Sunday, May 8, 2022

My 2022 GloPoWriMo Favourites

 





These are not necessarily my best 2022 poems, but they are the ones that gave me the most joy while I was writing them. So, here they are:


Image by Ri Butov from Pixabay 






I am so proud to announce that I was the featured participant on the NaPoWriMo website with this poem. 



Today I’m a Masterpiece



I fall apart at the end of each day, 

It’s no big deal.

I reinvent myself the next morning.

I piece myself together from the scraps

Of whichever dream I can still hold on to.

It’s no big deal.

The lungs still breathe, the heart beats, the brain thinks.

Though, whose thoughts those are today

I will need to find out.

So I drink a lot of coffee.

So I write myself down to see what happens.

I am work in progress, a moving picture,

a palace reimagined.

I am an active verb and I take an object.

Today I am

an enjambment,

an incomplete sentence,  

growing as I move about.

I am proud of the way I walk today, my feet

do carry me well.

Look, now I am already

a page of text,

a question unanswered, a snake 

winding beautifully.

I eat my tail and 

never end.


GloPoWriMo Day 13 - "Everything is going to be amazing"




Image by KoalaParkLaundromat from Pixabay





A typewriter



I wish I had a typewriter,

loud as a band of drummers in a street protest.

I am sure it would deliver a poem

all by itself.

A poem as dark and dangerous as smudged ink.

As unique as a set of fingerprints.

A poem winding beautifully like a new ribbon.

Each line clearly defined

by a bell and a clank.

A poem tangled like a bunch of keys stuck in the middle,

right where the truth was going to reveal itself.

A poem typed blindly from that place we go to when we close our eyes.

A poem always slightly tipsy,

with that one letter hovering treacherously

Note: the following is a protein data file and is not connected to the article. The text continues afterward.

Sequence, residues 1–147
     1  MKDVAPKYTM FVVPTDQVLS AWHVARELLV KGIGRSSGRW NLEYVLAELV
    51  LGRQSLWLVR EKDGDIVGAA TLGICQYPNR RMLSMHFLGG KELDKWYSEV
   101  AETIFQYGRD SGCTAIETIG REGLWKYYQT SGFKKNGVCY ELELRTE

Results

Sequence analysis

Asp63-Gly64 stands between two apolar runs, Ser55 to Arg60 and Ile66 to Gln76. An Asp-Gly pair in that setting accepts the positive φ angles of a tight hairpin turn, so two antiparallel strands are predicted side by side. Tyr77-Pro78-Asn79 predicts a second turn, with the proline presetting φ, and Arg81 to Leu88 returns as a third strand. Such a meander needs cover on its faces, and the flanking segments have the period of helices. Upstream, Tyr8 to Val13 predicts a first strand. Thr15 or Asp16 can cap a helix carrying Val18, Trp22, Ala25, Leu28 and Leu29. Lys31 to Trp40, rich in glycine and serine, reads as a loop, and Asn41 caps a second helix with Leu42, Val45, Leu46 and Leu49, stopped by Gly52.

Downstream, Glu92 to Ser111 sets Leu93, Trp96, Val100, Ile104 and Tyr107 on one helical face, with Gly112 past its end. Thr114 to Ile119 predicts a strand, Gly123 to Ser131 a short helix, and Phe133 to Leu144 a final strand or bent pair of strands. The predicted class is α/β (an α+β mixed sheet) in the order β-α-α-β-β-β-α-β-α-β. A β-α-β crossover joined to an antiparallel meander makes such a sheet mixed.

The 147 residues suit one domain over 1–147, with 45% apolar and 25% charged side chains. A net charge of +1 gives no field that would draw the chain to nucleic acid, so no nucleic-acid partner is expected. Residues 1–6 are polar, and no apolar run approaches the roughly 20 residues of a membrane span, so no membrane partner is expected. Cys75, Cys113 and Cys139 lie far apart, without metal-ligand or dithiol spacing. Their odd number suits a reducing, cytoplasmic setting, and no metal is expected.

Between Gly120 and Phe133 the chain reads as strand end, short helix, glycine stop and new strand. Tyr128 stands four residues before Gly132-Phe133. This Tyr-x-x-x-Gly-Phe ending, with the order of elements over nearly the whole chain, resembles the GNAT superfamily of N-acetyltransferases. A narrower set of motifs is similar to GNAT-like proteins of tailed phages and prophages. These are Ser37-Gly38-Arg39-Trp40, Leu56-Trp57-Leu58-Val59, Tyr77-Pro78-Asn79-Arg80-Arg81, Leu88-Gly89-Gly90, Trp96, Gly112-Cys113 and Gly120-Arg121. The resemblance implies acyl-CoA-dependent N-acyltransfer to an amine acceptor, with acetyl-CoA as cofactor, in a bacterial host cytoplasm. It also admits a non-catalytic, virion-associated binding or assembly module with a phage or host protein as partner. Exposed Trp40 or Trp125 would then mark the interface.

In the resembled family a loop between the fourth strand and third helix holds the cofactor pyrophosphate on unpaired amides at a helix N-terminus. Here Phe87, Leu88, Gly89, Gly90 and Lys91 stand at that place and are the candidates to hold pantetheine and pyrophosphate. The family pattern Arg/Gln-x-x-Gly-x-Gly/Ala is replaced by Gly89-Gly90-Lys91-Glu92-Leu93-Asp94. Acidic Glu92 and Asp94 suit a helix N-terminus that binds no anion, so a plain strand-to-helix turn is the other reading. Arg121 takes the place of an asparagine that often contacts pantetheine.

over a neat set of well-behaved lines.

A poem as guilty as a smoking gun,

sweet as a cup of coffee

laced with arsenic.

It would be good at covering its trail.

It would tear itself in half

just when you thought you were done with it.

A fugitive poem, wanted by the police,

hiding in public libraries,

disguising itself as other poems,

produced on well-oiled machines,

where nothing ever gets stuck or smudged

and everyone tiptoes around you

and everyone hushes everyone else around you

because you are a poet

and your work is important. 



GloPoWriMo Day 24 - the style of hard-boiled detective novels




Image by congerdesign from Pixabay







What they left under my pillow





Over here, it is a custom to leave some money 

under the baby’s pillow.

My family is different.

We never keep money for long.

It just slips through our fingers.

We are never short of it either.

My grandmother wished for a never-empty wallet,

just like hers had always been.

When she was out of money, 

she kept chili peppers inside.

That was what her soul craved for, she said.

She also gave me the gift of stories.

Hers always had a pepper or two added in

and she could make animals speak in funny voices.

My other grandmother knew spells.

She talked to the stars and they listened.

She knew the spell which could cast your fears into lead.

The lead takes the shape of your fear. 

After that, the lead is afraid, not you.

I am sure I could do spells with a bit of practice.

My ancestors came from the land of magic, after all.

What I can do, though, is tell your destiny from coffee grounds.

That is not a bad gift either.

My father gave me his silences

and the maddening habit to tinker with everything

in an attempt to make it better

or just different.

My mother couldn’t give me the silence.

She never had any to give.

She couldn’t stop talking, even in her sleep.

She didn’t give me her looks, or her character.

She gave me her time instead.

She stayed on long after the rest of them had left.

When she had to leave (because everyone does, eventually),

 the silence was deafening.

I don’t know who gave me the curse.

It could have been any of them, or all of them.

Maybe someone forgot to cut the cord

and now I am connected to you.

And when you cry, I cry too,

even though I have no idea

who you are

or why you are sad.




GloPoWriMo Day 29 - the gifts received at birth









The Wrong Pair of Shoes




My mom’s friend could turn herself into a wheel,

a peacock in repose,

an eagle,

or a corpse.

All at her own will.

Yet, she couldn’t resist Turkish Delight with walnuts.